It seems appropriate that today’s post should be related to using your own writing in the classroom. We are, after all, in the midst of the March Slice of Life Story … Continue Reading Using Your Own Writing as a Teaching Tool
Just in time for Presidents’ Day, I chatted with nonfiction author Katherine L. House about her recent book, White House for Kids. Leave a comment on this post for a chance to win a copy of her book.
Writing about nonfiction elicits the same initial lack of enthusiasm from my students as reading about nonfiction – a nonfiction affliction that seems, at first, impossible to overcome. It’s the … Continue Reading Setting the stage for writing about nonfiction
Six weeks have passed by in flash, it seems, for it is already time to bid my student teacher goodbye. As I compile book list recommendations, photograph charts and student … Continue Reading A letter to my departing student teacher
“You can’t wait for inspiration. You have to go after it with a club.” -Jack London
This week my colleagues and I are writing posts that we hope will make your life a little easier. We’re sharing some ways to work smarter, not harder.
By the time I arrived at Cornelius Minor’s TCRWP workshop, State-of-the-Art Workshop Teaching of Writing in Middle School, harnessing Methods Specifically Described in the New Units of Study, I had … Continue Reading Teaching Writing in Middle School: Notes from the Saturday Reunion #TCRWP
Wouldn’t it be great to escape for a few days to just write? Oh, do I have a place for you! You won’t have to cook a single meal, it’s tranquil, there’s wifi, AND it’s affordable.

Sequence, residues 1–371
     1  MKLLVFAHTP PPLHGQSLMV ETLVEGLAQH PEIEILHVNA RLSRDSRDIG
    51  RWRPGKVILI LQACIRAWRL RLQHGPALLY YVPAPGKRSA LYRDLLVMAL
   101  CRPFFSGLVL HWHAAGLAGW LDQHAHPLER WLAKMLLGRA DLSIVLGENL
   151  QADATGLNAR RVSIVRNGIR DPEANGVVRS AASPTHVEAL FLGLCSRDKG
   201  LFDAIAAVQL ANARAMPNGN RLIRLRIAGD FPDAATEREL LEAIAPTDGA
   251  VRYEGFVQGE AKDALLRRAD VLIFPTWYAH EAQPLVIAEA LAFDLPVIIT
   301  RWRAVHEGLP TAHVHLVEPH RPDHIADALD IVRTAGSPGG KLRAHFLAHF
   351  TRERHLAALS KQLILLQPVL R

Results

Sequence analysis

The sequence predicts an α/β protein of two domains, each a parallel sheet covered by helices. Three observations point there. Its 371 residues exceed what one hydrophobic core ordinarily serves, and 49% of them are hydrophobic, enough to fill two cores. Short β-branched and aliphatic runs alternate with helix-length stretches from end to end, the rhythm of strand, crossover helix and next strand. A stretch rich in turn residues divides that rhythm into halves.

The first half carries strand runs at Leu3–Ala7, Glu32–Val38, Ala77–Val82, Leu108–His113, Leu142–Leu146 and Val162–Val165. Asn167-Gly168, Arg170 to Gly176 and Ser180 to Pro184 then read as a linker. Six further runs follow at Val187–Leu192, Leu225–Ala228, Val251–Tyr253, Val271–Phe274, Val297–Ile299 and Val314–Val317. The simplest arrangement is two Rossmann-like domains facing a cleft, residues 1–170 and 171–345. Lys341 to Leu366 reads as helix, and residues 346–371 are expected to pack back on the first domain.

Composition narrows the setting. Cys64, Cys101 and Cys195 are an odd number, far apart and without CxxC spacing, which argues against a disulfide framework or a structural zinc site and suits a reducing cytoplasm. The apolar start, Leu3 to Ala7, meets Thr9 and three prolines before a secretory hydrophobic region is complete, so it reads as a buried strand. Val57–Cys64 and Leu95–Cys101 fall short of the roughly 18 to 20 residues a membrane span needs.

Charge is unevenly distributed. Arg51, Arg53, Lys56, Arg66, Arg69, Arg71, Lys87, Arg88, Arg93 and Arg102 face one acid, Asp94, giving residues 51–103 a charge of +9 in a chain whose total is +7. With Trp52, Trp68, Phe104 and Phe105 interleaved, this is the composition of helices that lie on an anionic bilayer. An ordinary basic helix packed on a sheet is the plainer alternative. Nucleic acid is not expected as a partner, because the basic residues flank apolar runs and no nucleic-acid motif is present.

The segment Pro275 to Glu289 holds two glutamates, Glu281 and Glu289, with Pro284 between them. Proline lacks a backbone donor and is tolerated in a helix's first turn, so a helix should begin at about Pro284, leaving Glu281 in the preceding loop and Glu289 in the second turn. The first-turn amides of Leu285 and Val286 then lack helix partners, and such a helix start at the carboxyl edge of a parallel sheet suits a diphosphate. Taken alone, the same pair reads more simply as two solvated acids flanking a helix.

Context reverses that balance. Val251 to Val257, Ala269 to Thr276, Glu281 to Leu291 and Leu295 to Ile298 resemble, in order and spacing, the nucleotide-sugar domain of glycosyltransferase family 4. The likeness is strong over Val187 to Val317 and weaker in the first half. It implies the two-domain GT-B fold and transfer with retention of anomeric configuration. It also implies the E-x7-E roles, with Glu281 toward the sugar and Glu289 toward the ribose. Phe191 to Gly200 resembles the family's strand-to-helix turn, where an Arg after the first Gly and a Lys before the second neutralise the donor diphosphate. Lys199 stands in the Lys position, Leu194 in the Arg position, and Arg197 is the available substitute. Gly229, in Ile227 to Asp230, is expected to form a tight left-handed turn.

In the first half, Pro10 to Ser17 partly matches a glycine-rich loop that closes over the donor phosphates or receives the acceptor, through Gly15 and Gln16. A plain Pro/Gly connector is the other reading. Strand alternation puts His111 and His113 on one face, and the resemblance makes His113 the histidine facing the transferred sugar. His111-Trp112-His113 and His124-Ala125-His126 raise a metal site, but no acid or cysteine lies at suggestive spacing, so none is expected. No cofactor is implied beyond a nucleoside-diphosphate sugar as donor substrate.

Need some inspiration to write? Fall into a great book and read like a writer!
Want to help your students focus better during independent writing time? A recent NY Times piece by Daniel J. Levitin may hold the key to making this happen in your classroom.
Are you ready to join a writing critique group? Take the plunge and sign up as we start you on a new writing journey!
The Writers’ Exchange makes writing fun for kids while building their confidence. Want to know how they’re doing it? Read this Q&A with the organization’s co-founders.
A recent visit to San Francisco inspired me to think about oral story telling, publishing, an persuasive writing. Here are five things my trip left me thinking about. PLUS, leave a comment on this blog post for a chance to win a copy of a new picture book from Chronicle Books.
I want to know where do you write. At a computer or on paper? At a desk or on a couch? At home or at a coffee shop?
Five things I’m reading, enjoying, and thinking about this Friday.
We’ve all been there. You’ve gathered your students into the classroom meeting area, nice and cozy, with the intention of doing just a quick l’il minilesson. Just a quick tip … Continue Reading Top Ten Ways to Keep Minilessons from Turning into Maxilessons
I rarely read collections of short stories or essays, but I made an exception for The Opposite of Loneliness: Essays and Stories by Marina Keegan. It’s a book written by a debut author. Unfortunately, it’s her final title since she died tragically in 2012.
In my sixth grade class, we cycle through a set of genres every Writing Workshop year: personal narrative, memoir, feature article, poetry, profiles, and persuasive letters and research based essays. … Continue Reading Creating mini-units of study in writing workshop: writing to bear witness.
I’m proud to announce my second professional book with Stenhouse Publishers will be coming to you in the winter of 2016.
Last weekend I took a major step forward towards my dream of publishing children’s books. I attended the Society of Children’s Book Writers and Illustrators Annual Conference in New York. This post includes highlights from the keynotes and breakout sessions.